When the kids put on their mouse ears they’re readying themselves for a trip to Florida. On the other hand, you traveling golfers looking to play one of the most exciting courses on the eastern seaboard . . . fasten those moose antlers, you’re heading up to Maine.
A warning, however. This is not the down east Maine of lobster boats, craggy coasts and precious art towns. Leave that for another vacation. Perched high in the mountains and high on the map of Maine your destination is the ski / golf resort called Sugarloaf USA.
You have to earn your stripes just to get to this resort, which is so remote a wrong turn could land you in Quebec. The nearest airport is down in Portland, which might strike you as a southern city from these latitudes. But if you are dedicated to playing one of the nation’s most exhilarating public courses, you’ll bravely announce, “I’m going golfing. And I’m going northing.”
This is mountain golf at its finest. No condos, no houses. One of Robert Trent Jones Jr.’s personal favorites, Sugarloaf plays along mountain ridges, astride birch forests and weaves around the incessantly babbling Carrabassett River. Find me a golfer oblivious to these lovely gifts from nature and I’ll find you a Scrooge for the 21st century.
There are three sets of men’s tees here. But from wherever you hit, there is lots of trouble and you rarely get a level lie. To give you an indication of the course’s difficulty, the forward tees have earned a 141 slope rating. As for the championship tees? They are assigned a number which comes perilously close to uncharted territory: 151. For comparison purposes, the back tees at the Bethpage Black course are rated 148.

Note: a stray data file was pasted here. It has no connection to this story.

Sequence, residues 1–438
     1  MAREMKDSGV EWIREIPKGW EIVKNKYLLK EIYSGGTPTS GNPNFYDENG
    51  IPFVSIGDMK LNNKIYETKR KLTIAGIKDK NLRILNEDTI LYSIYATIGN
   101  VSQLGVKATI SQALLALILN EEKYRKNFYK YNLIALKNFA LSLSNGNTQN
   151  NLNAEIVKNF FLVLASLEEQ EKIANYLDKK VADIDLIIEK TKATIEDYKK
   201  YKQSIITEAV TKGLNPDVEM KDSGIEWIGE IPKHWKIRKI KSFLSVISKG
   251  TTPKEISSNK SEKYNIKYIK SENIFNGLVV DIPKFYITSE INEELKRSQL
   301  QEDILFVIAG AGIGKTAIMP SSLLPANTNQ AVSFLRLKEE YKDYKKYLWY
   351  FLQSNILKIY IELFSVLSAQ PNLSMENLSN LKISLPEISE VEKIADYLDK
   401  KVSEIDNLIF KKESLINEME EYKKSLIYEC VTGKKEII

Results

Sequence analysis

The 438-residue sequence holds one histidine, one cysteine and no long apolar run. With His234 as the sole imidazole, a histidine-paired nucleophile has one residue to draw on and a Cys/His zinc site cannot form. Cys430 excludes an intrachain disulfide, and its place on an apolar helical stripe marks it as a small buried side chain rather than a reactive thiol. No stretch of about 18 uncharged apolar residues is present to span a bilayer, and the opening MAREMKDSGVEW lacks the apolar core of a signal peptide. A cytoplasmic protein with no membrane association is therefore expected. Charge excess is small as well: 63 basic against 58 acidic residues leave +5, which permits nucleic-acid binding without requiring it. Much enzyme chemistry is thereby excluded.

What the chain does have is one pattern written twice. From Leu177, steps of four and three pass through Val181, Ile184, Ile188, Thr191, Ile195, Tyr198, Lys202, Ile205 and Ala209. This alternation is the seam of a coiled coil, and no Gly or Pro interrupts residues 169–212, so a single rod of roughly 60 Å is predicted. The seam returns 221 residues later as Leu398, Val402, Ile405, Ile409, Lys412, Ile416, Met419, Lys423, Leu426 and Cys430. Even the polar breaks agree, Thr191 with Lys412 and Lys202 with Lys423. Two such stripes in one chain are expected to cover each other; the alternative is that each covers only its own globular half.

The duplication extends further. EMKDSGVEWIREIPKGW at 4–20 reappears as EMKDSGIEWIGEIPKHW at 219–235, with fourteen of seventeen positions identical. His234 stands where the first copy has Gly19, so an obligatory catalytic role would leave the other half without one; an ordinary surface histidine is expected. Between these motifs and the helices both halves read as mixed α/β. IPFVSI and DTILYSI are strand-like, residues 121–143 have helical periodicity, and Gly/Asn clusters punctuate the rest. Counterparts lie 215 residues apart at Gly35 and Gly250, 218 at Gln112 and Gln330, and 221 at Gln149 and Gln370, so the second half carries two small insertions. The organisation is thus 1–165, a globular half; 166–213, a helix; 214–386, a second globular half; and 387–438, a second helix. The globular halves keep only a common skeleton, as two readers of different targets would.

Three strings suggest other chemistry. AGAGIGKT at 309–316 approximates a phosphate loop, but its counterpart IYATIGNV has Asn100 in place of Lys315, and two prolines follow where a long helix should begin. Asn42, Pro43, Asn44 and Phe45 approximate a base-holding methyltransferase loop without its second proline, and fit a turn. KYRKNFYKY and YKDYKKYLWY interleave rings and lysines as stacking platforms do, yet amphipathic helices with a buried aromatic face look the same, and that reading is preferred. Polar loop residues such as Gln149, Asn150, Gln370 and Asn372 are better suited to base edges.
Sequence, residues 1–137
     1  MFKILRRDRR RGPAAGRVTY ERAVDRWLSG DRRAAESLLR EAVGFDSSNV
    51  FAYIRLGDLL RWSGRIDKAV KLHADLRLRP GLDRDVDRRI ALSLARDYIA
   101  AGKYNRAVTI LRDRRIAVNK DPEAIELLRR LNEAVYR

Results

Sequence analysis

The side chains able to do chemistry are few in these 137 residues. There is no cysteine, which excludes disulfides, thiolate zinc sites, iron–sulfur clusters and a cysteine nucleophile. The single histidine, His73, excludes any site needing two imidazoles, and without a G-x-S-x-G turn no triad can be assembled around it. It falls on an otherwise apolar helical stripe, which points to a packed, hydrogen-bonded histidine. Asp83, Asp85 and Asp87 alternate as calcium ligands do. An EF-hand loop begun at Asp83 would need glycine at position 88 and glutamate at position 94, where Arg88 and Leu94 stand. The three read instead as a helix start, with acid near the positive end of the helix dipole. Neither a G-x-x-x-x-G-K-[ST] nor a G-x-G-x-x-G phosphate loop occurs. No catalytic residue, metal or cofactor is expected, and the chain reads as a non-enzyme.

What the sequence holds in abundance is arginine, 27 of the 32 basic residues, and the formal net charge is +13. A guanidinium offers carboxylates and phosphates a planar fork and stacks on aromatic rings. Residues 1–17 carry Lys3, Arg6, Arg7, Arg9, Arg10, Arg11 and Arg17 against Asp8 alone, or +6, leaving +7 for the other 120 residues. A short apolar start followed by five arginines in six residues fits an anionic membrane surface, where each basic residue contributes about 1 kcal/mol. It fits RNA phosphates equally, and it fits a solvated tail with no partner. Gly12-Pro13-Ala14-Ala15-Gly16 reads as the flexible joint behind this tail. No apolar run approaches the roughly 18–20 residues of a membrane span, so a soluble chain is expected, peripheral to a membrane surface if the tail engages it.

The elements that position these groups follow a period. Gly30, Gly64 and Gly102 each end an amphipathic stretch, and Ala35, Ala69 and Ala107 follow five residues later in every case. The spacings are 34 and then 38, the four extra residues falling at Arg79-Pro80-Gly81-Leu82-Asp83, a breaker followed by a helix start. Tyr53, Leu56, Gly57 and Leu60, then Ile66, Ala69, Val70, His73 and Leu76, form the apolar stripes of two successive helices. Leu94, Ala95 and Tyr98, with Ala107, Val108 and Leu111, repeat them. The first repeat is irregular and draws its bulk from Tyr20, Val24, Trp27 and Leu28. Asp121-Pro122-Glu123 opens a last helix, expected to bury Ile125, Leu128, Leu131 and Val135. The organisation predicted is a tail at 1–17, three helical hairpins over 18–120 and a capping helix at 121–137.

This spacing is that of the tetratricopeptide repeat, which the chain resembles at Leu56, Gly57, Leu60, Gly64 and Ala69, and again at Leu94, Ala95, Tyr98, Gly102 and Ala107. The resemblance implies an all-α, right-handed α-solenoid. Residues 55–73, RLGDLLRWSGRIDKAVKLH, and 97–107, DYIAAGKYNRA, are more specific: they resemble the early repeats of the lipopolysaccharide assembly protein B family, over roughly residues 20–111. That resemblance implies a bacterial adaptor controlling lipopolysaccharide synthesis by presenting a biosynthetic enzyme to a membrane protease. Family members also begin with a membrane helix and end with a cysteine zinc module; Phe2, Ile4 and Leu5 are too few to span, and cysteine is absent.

Of course in the name of thorough journalism or just good ol’ self-flagellation, I played the back tees. The first tee got the knees knocking pretty good. The highest of the four tee boxes looks down from over the treetops at a bowling alley fairway, towards which I promptly rolled a gutter ball. Fine, I’ll drop down in the valley and take my two-stroke penalty. It would not be the last such infraction of the day.
The second hole, a fine double dogleg par 5, gives you the first taste (recommended on a hot day!) of the running streams which play alongside and occasionally across many of the fairways. The landing area turns out to be plenty wide, but from the treed back tees it is barely visible. Played smartly, this is not a terribly difficult hole.
The first few holes play mostly downhill, but that trend is reversed at the No. 1 handicap uphill par 4 5th. The tee boxes here are a real oddity. They descend as you look back from the forward tees, so that the championship tees are a good 15 feet lower than the whites. The compulsion to get your drive airborne in a hurry really shouldn’t affect your swing, but after all, this is golf, and it does. Must hit the ball straight, too, because a creek with an untidy bank area runs laterally to the left and black forest (no piece of cake to get out of) awaits to the right.
Carts are required at Sugarloaf and it is cart paths only here, making the up-and-down sixth hole a rigorous cardiovascular workout if you choose to walk your way up to the steeply elevated green. Actually, this hole will make you sweat just thinking about club selection. You must first clear a creek 140 yards down the slope from the elevated tees. The fairway makes an abrupt turn to the right as it begins its climb toward the green. So if you hit a wood, you’ll easily outhit the fairway, which always means a lost ball here. Hit a little short and you face an impossible second shot, 200 yards straight uphill with a minefield of barely visible greenside bunkers eager to detonate your approach. A par here deserves to stay long in your memory.